It’s only three o’clock in the morning, but the day has already begun for Mama Eta — one of Kopernik’s Wonder Women in East Sumba, Indonesia. For Mama Eta, every day begins like this, long before dawn. She wakes up at three, prepares breakfast, packs her things and catches a bus for a two-hour journey to any one of several neighbouring sub-district markets to sell her wares. Each day is a different market in a different location.
Once she arrives, she wastes no time and sets up her space right away as she does not want to miss a single potential buyer. Around six-thirty or seven, these markets fill up quickly with people looking for every-day necessities like fresh produce, cooking supplies and other groceries. But Mama Eta’s stall at the market is not quite as typical. On one side, there are our life-changing technologies like solar lights, water filters and biomass cookstoves — items that look a little odd in comparison to the wares of the other stalls. And right next to it, there is a huge amount of betel nut piled up like a mountain.
Why betelnut? Well, betel nut is a very common commodity in Sumba. It is served as an introductory food for Sumbanese people. Offering betel nut to guests is a sign of welcoming and is a polite way to start conversation amongst friends, family and other community members. For Mama Eta, betel nut is used in the marketplace in a similar way. It’s like she is opening her door to invite people to come and chit-chat, while she introduces the technologies and explains how they can truly benefit customers in their daily lives. And with her friendly and compelling nature, it is not hard to see how she can encourage interest in the technologies.
Mama Eta’s journey as a Wonder Woman for Kopernik started around a year ago, when she met Widi, a Kopernik team member. Widi was demonstrating our technologies with various community members and Mama Eta was so inspired by what she saw that she bought some for herself. But after using them she was convinced of the benefits and wanted to spread the word to others by selling the technologies herself. The very next day, she asked Widi to bring her two cookstoves and she managed to sell both almost immediately. “I guess I am a natural seller.” she laughed.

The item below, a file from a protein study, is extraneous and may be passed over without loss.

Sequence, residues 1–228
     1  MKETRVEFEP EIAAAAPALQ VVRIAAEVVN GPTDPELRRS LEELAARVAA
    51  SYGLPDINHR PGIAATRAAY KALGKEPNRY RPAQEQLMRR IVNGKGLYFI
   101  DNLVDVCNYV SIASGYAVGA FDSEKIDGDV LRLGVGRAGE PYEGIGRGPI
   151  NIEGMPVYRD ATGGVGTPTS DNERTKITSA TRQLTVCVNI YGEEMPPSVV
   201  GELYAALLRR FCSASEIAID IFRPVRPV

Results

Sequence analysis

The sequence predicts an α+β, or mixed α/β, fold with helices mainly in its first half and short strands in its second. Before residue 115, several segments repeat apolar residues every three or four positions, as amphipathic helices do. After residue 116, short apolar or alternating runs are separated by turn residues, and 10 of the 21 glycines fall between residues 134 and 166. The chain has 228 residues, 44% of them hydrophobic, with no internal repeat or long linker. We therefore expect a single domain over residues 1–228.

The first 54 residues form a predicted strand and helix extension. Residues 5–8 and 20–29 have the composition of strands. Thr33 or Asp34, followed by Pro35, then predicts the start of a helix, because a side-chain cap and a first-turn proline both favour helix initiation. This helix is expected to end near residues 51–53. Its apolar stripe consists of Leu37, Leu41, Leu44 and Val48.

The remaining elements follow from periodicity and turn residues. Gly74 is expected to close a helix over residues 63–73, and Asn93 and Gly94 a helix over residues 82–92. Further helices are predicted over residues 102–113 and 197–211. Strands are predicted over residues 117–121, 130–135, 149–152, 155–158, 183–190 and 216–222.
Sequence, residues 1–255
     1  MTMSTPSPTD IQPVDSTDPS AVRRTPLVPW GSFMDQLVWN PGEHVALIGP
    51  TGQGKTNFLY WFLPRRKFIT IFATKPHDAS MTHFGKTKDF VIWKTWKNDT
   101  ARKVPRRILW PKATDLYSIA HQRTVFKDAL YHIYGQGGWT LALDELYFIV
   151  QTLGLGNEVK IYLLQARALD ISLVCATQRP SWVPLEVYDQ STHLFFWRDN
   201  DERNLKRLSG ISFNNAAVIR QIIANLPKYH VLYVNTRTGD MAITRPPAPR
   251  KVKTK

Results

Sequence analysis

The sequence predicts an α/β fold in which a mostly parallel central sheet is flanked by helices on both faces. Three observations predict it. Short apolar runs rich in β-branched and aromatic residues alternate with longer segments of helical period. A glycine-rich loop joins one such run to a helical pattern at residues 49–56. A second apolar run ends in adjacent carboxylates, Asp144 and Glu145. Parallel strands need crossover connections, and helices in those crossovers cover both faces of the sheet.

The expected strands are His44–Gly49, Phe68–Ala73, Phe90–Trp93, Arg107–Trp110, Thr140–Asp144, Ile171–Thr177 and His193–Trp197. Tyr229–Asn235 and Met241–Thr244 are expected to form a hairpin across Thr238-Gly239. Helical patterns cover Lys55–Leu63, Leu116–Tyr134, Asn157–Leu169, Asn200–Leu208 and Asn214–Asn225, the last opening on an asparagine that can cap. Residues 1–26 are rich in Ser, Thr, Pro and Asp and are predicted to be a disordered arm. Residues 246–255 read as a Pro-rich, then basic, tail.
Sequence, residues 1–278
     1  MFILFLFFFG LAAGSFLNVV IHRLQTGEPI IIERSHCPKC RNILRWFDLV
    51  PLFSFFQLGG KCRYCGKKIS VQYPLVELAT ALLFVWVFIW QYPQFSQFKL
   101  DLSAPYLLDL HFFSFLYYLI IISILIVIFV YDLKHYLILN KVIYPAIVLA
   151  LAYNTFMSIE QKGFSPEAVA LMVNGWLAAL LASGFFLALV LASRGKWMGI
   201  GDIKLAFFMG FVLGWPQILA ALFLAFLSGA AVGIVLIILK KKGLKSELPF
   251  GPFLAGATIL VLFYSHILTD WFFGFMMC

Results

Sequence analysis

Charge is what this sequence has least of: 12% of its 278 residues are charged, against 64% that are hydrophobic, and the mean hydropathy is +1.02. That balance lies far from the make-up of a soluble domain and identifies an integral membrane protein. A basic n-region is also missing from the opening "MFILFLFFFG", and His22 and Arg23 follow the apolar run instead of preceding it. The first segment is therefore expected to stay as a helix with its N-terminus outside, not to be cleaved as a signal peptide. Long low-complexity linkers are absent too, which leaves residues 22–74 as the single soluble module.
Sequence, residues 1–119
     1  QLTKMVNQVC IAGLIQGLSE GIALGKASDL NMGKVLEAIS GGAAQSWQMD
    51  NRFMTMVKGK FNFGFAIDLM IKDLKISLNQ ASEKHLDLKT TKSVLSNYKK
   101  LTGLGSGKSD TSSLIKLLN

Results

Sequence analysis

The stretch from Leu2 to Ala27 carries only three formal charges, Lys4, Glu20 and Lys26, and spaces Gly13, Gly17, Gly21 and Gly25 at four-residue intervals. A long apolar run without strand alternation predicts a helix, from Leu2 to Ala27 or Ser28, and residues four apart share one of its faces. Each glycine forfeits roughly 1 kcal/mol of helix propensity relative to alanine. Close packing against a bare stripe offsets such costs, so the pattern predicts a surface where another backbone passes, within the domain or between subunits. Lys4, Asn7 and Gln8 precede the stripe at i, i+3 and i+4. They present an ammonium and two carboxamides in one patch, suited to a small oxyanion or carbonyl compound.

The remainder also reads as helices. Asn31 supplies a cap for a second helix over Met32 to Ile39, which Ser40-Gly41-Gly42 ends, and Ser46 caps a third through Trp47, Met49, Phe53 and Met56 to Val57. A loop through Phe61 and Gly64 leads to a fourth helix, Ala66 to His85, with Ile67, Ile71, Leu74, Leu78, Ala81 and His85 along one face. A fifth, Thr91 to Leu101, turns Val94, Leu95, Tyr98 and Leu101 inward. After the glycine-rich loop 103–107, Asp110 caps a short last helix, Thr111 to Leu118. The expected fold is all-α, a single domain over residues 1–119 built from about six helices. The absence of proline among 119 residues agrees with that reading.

But things haven’t always been nice and easy for Mama Eta. Her journey as a micro-social entrepreneur started a long time ago and was quite difficult at times. In the past, she has needed to try different things and has sold everything from woven bamboo screens and mats (that she made) to herbal drinks and peanuts. She has had some tough times along the way; including dealing with aggressive local security guards who have forbidden her to sell her products in public markets. Or another time when she sold peanuts from six in the morning until midnight, only to earn as little as 6,000 rupiah. She recalls this as her lowest point, “That night, I cried so much and I prayed to God to give me strength.” But she did not give up and continued selling again the next day.
“After that time, I always push myself to be stronger and to be grateful for every sale I make. Now, I enjoy selling technologies because I use them myself and know the benefits. The technologies can really help people.” she further explained.
So, as a strong-willed woman with determination to show people these great technologies, Mama Eta travels all over Sumba to reach as many people as she can. She travels so much because in Sumba, like many parts of eastern Indonesia, travel is slow with winding, often poor quality roads. Districts, sub-districts and towns are often far apart. And every sub-district has its own market day which happens only once a week. But Mama Eta has the schedule and knows where to be on which day. So, it really won’t be surprising if soon, all the sub-districts in East Sumba fill up with clean energy technologies from the efforts of Mama Eta, the ‘Market Hopper from East Sumba!